As a side note: if you’ve started saving late for retirement, it’s going to be more challenging for you to make up the shortfall of years lost. Try to make your annual retirement expenses as conservative as possible, calculating the absolute minimum you’d need to survive each year.

And, a second side note: if you’re totally averse to calculations, take a look at this pretty great retirement calculator provided by 10X investments. It allows you to input your age and pre-tax salary, set your retirement goal and figure out whether you’re on track for a peachy retirement. It also comes with some pretty rad graphics!

Once you know your financial freedom number – you’ve set your goal posts. This is the target you’ll need to aim for.

3 | Focus on “Growing Assets” to Prepare for Retirement

The word “asset” has garnered a little bit of confusion over the years. We define an asset as something that provides financial value to us, which is not far from the truth. But it’s not the full truth. An asset is something that provides us value, but also with the intention of providing future financial benefit. In other words, I only consider something an asset if it GROWS in value over time.

As an example, many people would consider their car an asset. But I respectfully disagree. I encourage you to read my previous article about why I consider it to be more of a liability.

If you’re a late starter, you can’t waste more time investing in any assets. Your focus should shift to investing in those assets that grow. This could include real estate or high-return equities, which can provide above-inflation, compounding returns. If you’re new to investing and confused about what options you have, take a look at my beginner’s guide that walks you through what is available.

But what if you don’t have enough time?

If you’re speeding towards retirement and don’t have enough time to take advantage of compounding investment growth, there are some other considerations you might take:

Consider downsizing your home: if you’ve lived in the same house for years, it’s highly likely that the value you bought it for is much less than what you’d sell it for today. If the kids have moved out and you can comfortably live in something smaller, it might make sense to put your house on the market and funnel the capital gains into your retirement portfolio.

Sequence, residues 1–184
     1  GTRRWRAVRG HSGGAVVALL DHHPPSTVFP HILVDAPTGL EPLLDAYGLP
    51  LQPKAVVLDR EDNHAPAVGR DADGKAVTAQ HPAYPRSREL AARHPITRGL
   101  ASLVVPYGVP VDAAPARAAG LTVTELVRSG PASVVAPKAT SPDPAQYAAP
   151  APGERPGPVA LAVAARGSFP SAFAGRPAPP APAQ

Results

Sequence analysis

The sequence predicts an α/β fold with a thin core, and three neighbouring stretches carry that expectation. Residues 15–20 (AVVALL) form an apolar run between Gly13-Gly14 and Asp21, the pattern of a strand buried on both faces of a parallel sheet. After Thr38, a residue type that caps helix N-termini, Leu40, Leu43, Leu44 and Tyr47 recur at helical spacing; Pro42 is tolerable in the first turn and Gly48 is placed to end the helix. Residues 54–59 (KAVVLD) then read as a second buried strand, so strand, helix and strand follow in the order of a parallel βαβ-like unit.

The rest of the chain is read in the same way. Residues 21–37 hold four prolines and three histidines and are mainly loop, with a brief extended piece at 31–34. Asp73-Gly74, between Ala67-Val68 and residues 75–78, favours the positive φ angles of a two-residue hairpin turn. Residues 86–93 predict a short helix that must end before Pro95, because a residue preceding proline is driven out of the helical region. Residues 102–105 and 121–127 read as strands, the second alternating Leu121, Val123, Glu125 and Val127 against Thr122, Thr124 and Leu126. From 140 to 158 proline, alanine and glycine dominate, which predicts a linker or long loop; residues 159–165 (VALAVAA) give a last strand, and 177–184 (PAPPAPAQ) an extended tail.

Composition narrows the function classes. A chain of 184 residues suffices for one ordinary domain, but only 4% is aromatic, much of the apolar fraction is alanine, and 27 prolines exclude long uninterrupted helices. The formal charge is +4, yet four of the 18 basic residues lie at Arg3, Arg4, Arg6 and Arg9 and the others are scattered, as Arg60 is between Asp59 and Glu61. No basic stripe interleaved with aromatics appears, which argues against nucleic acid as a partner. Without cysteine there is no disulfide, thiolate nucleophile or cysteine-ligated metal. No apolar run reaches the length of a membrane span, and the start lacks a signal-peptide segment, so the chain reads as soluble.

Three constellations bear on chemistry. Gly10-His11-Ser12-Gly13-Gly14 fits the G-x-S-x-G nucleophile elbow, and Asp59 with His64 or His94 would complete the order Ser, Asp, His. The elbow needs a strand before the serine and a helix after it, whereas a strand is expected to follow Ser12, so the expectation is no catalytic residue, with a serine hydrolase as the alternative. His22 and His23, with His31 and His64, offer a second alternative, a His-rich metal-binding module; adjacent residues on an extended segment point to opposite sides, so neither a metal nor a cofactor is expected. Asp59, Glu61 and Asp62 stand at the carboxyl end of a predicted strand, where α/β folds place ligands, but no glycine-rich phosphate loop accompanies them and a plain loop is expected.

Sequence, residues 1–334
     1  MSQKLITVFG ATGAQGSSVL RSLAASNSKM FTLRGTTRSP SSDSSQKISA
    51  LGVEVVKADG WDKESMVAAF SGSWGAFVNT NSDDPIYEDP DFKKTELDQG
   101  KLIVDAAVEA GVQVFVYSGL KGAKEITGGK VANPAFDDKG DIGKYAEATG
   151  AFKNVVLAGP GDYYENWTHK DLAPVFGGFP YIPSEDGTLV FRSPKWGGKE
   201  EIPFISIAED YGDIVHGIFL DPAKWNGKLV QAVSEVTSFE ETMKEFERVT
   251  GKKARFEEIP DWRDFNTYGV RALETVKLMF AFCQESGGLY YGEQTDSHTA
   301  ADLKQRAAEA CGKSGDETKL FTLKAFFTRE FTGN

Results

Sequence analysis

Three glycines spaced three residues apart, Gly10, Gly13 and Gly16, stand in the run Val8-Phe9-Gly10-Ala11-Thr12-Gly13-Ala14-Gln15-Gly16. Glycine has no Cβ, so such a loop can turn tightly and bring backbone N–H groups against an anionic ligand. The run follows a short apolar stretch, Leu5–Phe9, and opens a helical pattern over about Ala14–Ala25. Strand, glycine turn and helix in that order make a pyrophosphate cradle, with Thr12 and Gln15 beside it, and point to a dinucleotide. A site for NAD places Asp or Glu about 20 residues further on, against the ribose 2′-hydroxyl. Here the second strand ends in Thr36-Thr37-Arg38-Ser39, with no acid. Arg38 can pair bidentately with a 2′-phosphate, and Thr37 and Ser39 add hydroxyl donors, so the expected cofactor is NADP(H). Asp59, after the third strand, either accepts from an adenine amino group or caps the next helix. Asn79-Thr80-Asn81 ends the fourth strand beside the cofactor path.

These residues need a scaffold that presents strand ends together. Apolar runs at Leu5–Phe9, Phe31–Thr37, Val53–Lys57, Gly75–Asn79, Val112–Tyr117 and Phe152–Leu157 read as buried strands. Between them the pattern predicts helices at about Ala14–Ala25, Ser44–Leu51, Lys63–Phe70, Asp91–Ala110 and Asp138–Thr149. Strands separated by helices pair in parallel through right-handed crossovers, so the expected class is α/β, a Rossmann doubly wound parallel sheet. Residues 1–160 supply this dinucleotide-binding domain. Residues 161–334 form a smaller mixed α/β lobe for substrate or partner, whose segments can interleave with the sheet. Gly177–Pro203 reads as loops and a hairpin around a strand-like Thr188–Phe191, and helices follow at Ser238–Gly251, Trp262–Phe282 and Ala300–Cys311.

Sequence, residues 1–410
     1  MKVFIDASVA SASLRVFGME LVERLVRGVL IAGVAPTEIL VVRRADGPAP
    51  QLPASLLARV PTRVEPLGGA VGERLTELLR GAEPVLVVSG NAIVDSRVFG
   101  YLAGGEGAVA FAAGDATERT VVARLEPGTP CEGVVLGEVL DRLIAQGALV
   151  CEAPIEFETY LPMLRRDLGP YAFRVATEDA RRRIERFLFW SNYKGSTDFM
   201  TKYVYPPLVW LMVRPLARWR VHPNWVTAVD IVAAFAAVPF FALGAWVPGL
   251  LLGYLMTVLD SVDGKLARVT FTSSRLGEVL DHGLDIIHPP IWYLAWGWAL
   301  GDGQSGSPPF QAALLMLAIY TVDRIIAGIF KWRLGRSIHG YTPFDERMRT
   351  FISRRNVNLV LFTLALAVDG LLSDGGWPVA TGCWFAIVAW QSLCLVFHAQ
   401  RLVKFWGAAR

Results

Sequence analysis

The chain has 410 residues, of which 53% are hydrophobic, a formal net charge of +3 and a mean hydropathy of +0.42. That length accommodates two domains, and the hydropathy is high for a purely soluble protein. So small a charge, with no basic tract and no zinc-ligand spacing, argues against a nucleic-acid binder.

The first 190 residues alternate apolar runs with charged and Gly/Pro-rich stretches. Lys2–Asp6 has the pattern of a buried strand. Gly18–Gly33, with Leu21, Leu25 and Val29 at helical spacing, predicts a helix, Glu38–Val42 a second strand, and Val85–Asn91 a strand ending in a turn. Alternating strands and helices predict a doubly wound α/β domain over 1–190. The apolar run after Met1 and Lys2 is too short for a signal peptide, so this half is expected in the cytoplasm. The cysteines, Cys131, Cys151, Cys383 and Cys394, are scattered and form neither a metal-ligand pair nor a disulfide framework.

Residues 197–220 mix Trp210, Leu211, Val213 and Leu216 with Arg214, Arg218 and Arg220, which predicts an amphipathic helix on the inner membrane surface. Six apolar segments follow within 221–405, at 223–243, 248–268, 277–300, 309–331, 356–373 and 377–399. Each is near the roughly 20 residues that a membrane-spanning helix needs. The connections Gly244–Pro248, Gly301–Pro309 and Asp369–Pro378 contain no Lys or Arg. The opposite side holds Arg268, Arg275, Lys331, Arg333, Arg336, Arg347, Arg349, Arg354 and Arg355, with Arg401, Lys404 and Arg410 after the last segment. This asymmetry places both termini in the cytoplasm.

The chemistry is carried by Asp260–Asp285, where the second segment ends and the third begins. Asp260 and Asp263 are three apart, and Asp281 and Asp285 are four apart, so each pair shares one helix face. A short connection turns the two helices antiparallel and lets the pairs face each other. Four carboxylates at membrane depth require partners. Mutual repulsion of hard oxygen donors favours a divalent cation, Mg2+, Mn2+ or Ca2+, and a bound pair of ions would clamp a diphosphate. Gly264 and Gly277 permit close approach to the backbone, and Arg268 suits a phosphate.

Move to a cheaper neighborhood: in addition to selling your home, you might consider purchasing a new property in a cheaper neighborhood. This will maximize the profit you’d make on selling your house, allowing you to channel even more money into your retirement fund.

Sell the collectibles: do you own any jewelry, collectibles or antiques that might be worth a pretty penny? I understand that sometimes these items hold significant sentimental value. But if you’re seriously concerned about the state of your retirement portfolio, it may be worth it to get a valuation and compare the pros and cons.

4 | Fees Must Fall

I’m sure you’ve heard of the eighth wonder of the world: compounding interest. It’s the stuff of magic when the interest you earn on your investments starts earning you interest on autopilot.

While we prefer to think of compounding interest in terms of investment growth, we neglect to consider that any fees you pay on those investments end up compounding too.

5 | Maximize Your Retirement Contributions

None of us like the idea of receiving less of a paycheck at the end of each month. When taxes and all the bills are removed, it’s depressing to think that over 50% of our income doesn’t even touch the sides of our bank account.

But your retirement contributions should never be viewed as an expense, but rather an investment. Not only is this money “out of sight, out of mind” (which means you won’t spend it), but it’s also very tax efficient.

When you contribute any money towards your retirement annuity or pension fund, that money is tax-deductible. This means you can reduce your taxable income significantly if you reach the maximum. Here is an example:

In South Africa, you can contribute up to 27.5% (or R350,000 per year, whichever comes first) of your income to your retirement as a tax-deductible contribution. This means, that if you earned R600,000 per year and contributed the full 27.5%, your taxable income would reduce to R435,000. This is enough to drop you into a lower tax bracket, which means you’d receive a healthy refund when tax season rolls around.

If you’re a retirement late starter, consider contributing the maximum towards your pension fund. Not only will you put this money out of reach for spending, but you’ll receive a great tax refund that can further boost your retirement portfolio.